Saturday, November 01, 2008

An Analysis, Not a Brag (I Hope)

In our house, we pretty much take E's capacities for granted. On the soccer field or singing Hannah Montana songs, she totally blends in with her peers, so we just figure she's a normal second grader, and we don't really think about the fact that she also does things like have conversations about genetics and multiply fractions and write chapter books (with a problem and a resolution).

Yesterday I was in E's class for their "Harvest" (i.e. NOT Halloween) party. In kindergarten, I was in E's class every other week, so I really knew the kids and their work. In kindergarten, E was a total outlier: she could read, she could behave, she was writing five-page books when most kids were still drawing pictures. We didn't think much about that either, though, because she was older and doing her second year of kindergarten (for birthday/preschool availability reasons that you either remember or don't care about). In first grade, the other kids started catching up with her, plus she made a best friend who is a lot like her, so we figured the maturing thing was happening (differences are largest in younger grades, when the kids are, in fact, farther apart in age, relatively, plus boys and girls have significant developmental differences). But I wasn't around much in first grade.

It was quite exciting to see, yesterday, how far all the kids have come since kindergarten. Their writing is awesome, and they are just a super-nice group of kids (for the most part--let's say 95%). But I also saw, in just an hour, how truly different E is. Unlike kindergarten, she's not alone: there is one boy like her, and there are another boy and girl who are similar, but a little different. But, wow, what a span in a single classroom.

Digression on teacher: E has a fabulous teacher. The kids love her, she has total control of the classroom, they are doing a lot of content, and they have fun. But she is definitely of the new breed of all academics all the time, even though she also makes it fun. So yesterday they had Halloween all day (aside from the party which was HARVEST, in case you don't recall). In the morning they drew haunted houses and wrote poems about them. Then they listened to scary music and chose from scary writing prompts to write stories. The party was all about the orange food: canteloupe, clementines, cupcakes, candy corn (ooh, orange C-food, though we didn't go there), and, uh, Munchkins and juice boxes. Then there were four stations--math (which was also science), science, literacy, and fun pack--through which the kids circulated in small groups. They were totally into it, but, you know, it might have been fun to make pumpkin pies or leaf collages or our own witches' brooms...only it's not that kind of school...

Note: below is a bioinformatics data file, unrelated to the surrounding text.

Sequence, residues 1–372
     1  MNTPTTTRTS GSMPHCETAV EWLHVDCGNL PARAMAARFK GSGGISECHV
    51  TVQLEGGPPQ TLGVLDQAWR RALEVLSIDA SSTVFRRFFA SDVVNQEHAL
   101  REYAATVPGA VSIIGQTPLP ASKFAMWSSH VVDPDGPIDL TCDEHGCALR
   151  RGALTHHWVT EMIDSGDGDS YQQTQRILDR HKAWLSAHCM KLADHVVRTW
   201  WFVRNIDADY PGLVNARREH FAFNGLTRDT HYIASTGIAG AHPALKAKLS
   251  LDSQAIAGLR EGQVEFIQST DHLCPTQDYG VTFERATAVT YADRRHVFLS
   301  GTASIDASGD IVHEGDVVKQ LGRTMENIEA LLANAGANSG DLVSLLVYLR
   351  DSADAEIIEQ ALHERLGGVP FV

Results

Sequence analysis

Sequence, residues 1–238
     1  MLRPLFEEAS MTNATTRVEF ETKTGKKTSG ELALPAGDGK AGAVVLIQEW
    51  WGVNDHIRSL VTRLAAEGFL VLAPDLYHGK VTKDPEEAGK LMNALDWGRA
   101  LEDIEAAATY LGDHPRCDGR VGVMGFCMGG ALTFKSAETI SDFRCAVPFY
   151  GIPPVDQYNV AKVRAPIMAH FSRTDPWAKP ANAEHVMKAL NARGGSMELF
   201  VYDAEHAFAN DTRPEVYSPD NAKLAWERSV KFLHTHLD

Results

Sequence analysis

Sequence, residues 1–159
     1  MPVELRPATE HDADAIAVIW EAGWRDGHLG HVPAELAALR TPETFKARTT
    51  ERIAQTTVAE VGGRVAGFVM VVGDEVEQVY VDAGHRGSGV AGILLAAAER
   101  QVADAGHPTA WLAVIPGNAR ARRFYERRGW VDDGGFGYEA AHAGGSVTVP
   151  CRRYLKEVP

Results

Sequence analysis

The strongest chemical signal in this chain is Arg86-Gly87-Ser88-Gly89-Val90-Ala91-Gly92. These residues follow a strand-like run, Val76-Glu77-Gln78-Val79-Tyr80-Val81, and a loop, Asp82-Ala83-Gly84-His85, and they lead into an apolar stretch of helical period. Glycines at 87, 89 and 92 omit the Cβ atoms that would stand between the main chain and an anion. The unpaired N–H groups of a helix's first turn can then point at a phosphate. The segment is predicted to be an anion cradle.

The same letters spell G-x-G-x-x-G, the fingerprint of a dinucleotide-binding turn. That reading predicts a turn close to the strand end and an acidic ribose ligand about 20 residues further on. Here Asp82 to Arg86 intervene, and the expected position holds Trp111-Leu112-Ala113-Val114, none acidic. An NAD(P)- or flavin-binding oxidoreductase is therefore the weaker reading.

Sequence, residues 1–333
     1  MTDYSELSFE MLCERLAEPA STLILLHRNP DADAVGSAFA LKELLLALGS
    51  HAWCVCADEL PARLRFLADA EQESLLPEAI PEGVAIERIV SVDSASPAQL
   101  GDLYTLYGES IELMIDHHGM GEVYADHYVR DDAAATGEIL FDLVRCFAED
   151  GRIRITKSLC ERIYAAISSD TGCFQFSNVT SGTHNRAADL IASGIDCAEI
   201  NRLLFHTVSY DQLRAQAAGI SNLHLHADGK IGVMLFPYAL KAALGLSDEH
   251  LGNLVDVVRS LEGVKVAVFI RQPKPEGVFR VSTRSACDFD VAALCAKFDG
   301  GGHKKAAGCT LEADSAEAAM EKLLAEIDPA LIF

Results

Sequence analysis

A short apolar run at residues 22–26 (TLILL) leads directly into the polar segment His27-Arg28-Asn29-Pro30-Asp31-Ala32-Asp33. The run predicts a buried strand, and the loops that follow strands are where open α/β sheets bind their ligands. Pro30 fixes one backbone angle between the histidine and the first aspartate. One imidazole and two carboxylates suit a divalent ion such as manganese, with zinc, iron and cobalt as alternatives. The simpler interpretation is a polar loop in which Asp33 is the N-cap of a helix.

Back to the kids: I was momming the math (science) table where we had a scale, a small pumpkin, and a big pumpkin. The task was to weigh ourselves (themselves), estimate the weight of the pumpkins (one at a time), weigh the pumpkins, and figure out the difference between the estimate and the actual weight. All the kids loved the estimating and the weighing (though most of their estimates were off by a factor of about 40). Not all of them could follow the directions--they were writing their numbers down all over the page, when there was a specific place and sequence for each number. And the math? It wasn't that they didn't love it--the kids who got it were totally into it--but that some of them just drew a total blank. The teacher said they knew the concept of difference, but for most of them, it sure didn't seem like it. I'd ask the question in several different ways and get dreamy stares. Then there were a few who got it, but didn't know how they got it (these were usually kids who guessed things like 118, when the big pumpkin actually weighed 18, so it was easy to get to 100).

The other issue was the small pumpkin which turned out to not weigh enough to register on the scale. In the first group, we figured out how to solve this problem: weigh the kids holding the pumpkin, which everyone loved. Luckily the pumpkin weighed one pound, so almost every kid could figure out that if I weigh 56 pounds by myself, and 57 holding the pumpkin, the pumpkin weighs one pound. But some couldn't even figure that out: one thought the pumpkin weighed 57 pounds.

So what was the difference with E and her friend Z? Well, they read the directions, were a step ahead on the tasks, understood the difference concept, and did the math. Not only that, but when I asked their group how we were going to figure out the weight of the small pumpkin, E immediately suggested weighing ourselves holding the pumpkin (I had to coax that solution out of every other group). And not only that, but when I asked them to help the other kids in their group with the math, Z came up and said to me "we haven't learned borrowing yet, what should I do?" He knew how to borrow, but he knew that the other kid didn't, and he wanted to help him appropriately, not just do the math for him. In other words, what E and Z are is academically capable, creative (i.e. problem solving), and meta-cognitive. S, a boy who shares their skill level, completely lacks the meta-cognitive piece, and C, a girl who did some creative thinking (she compared the weight of the big pumpkin to her little brother's weight) is not quite there in skills.

So I guess E is different, but she's not a total outlier. I'm glad she has Z, and S and C, and, frankly, all the other kids in her class, because that's life: a whole lot of different people who need to negotiate the world, individually and together. And I am in total awe of her teacher for teaching all these kids at once: I only did it for an hour, and I was exhausted.

1 comment:

Lauren said...

Wow, cool piece. It is so interesting to observe a group of kids. And it is exhausting...very.